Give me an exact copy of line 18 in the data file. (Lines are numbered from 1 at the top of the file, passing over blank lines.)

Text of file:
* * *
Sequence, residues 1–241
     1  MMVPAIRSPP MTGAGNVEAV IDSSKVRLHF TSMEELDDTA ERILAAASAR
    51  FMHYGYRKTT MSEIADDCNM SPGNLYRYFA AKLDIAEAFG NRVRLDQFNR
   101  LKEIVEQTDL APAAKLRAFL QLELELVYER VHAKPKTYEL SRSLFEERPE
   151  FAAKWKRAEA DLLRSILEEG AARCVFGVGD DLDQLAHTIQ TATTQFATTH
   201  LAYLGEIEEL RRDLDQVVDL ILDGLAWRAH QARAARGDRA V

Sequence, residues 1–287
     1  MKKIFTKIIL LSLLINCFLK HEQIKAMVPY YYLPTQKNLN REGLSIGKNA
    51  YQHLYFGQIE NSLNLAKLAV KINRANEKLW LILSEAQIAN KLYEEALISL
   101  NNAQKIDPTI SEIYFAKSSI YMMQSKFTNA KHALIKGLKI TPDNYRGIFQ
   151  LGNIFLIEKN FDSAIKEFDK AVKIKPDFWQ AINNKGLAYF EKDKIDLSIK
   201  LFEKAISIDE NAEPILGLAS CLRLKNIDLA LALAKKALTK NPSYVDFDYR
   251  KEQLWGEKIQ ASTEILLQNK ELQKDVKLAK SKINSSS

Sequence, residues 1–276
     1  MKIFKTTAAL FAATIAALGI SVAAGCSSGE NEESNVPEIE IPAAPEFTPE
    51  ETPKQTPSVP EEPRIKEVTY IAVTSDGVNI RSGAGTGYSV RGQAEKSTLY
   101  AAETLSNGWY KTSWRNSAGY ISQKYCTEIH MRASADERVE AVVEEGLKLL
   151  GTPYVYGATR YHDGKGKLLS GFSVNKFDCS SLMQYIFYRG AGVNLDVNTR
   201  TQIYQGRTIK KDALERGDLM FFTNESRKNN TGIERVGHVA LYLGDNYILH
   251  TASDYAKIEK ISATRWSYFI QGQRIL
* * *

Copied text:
   151  GTPYVYGATR YHDGKGKLLS GFSVNKFDCS SLMQYIFYRG AGVNLDVNTR